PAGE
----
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Case Studies

Fake news impacts

It’s not enough to prevent and respond to acts of terrorism, such as the 2017 Westminster, Manchester and London Bridge attacks. Rumours, conspiracy theories, ideological propaganda and fake news can be quick to crop up and spread on social media as in the wake of the murder of Jo Cox MP; similarly, in the Brexit referendum and other political campaigns. How do police and the authorities manage such misinformation, which might have baleful effects on communities that believe such narratives? Hence ‘fake news’ and its impacts upon public behaviours will be analysed by researchers at Cardiff University.

Results from the study will be used to help police design and deliver improved social media communication strategies that reduce community tensions and risks of public disorder in the aftermath of terrorist attacks. Working with members of the National Counter-Terrorism Network the insights will shape future policy and practice for a rapidly developing information environment.

Prof Martin Innes, Director of Cardiff’s Crime and Security Research Institute will lead the research. He said: “Recently there has been growing political and public concern about the spread of fake news and propaganda via social media and the internet, and lots of suggestions about how to tackle this new social problem. By rigorously studying how rumours and conspiracy theories emerge and ‘travel’ in the aftermath of terrorist attacks and other highly charged situations, our project will produce robust, independent, research evidence and insights about how and why some ‘soft facts’ are so influential upon public attitudes and opinion.”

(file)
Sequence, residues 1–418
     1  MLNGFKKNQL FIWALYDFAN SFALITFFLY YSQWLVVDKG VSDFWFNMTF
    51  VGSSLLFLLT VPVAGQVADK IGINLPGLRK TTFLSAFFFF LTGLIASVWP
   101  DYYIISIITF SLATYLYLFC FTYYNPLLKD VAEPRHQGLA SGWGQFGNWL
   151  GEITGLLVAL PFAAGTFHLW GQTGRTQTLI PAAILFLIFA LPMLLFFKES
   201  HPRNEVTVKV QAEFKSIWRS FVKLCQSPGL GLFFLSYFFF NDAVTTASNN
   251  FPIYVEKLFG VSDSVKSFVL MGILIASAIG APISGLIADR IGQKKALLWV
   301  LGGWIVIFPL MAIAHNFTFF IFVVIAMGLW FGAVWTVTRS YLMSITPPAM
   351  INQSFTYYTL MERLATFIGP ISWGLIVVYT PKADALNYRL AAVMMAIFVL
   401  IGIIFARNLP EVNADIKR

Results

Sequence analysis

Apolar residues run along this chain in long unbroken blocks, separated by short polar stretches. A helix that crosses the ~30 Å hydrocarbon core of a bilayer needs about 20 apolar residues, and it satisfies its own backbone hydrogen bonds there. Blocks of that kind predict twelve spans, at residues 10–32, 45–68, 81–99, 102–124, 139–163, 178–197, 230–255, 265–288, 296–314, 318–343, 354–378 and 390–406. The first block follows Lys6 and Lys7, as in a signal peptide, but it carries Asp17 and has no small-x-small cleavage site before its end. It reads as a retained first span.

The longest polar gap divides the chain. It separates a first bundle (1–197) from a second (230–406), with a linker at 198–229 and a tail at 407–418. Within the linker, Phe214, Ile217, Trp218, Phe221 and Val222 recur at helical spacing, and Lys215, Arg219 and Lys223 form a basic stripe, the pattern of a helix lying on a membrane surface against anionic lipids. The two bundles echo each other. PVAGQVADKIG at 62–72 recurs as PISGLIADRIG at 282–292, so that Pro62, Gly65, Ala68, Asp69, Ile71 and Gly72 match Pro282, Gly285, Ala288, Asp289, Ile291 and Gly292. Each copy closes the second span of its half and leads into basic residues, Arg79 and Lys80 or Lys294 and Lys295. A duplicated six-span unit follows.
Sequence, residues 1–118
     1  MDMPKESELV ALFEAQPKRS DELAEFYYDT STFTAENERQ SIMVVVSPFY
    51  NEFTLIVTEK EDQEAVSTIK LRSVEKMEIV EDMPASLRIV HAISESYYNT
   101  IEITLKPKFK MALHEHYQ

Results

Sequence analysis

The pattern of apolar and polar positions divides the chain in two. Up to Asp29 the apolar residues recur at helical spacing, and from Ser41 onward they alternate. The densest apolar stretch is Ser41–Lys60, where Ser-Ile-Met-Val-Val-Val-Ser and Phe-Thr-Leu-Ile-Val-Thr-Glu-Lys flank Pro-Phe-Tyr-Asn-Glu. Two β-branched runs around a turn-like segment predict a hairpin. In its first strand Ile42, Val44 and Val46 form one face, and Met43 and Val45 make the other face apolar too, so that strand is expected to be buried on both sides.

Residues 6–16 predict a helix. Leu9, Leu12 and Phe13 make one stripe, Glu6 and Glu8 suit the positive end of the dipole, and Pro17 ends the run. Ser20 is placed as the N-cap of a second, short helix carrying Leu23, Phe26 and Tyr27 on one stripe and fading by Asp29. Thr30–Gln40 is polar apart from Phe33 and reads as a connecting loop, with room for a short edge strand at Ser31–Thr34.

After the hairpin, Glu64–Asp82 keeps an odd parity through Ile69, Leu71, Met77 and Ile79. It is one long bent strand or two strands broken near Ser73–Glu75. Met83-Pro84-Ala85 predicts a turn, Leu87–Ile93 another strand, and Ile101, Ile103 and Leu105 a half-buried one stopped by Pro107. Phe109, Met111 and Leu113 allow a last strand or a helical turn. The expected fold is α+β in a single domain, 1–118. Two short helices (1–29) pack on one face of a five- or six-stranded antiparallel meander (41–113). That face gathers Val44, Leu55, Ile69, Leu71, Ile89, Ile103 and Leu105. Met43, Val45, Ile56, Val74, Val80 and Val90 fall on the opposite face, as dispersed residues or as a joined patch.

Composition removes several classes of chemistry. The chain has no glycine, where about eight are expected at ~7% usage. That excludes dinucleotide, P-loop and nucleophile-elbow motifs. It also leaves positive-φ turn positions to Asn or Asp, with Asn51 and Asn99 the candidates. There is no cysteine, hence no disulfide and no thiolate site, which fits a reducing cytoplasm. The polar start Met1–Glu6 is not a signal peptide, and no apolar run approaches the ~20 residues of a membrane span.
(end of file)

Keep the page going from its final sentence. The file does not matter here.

The project is one of eight funded by the Centre for Research and Evidence on Security Threats (CREST), led by Lancaster University, to address some of the security threats facing the UK.

Meanwhile, most cyber security people when recently questioned at a London annual info-security show believed that the UK’s political landscape has been manipulated by fake news. When asked if they thought that they had personally been affected by fake news, 61 per cent agreed that they had. When asked who they felt is the most susceptible to fake news, the majority agreed that their children are most susceptible (28pc) followed by their parents (26pc), grandparents (25pc) and colleagues and friends (21pc). Some 301 information security people were surveyed at Infosecurity Europe 2017 conference in early June.

Tim Helming, Director of Product Management at DomainTools, a network analysis product company, said: “A very high majority of cyber security professionals – some of the most cyber savvy people you will meet – said that the UK and even they themselves have been affected by fake news. This means that the majority feel that they are affected by fake news directly or indirectly. It is starkly clear that fake news is a significant phenomenon that needs to be properly understood and tackled.”

“There are good reasons to do a bit of due diligence when deciding which sources to trust. Looking at information such as domain Whois (registration) records can be illuminating: most established news organizations are quite up-front in their registration records about who they are. By comparison, fake news sites are often quite secretive about their ownership or origins. Going beyond the content of a site and learning more about the source itself can be an important way to combat the influence of fake news.”


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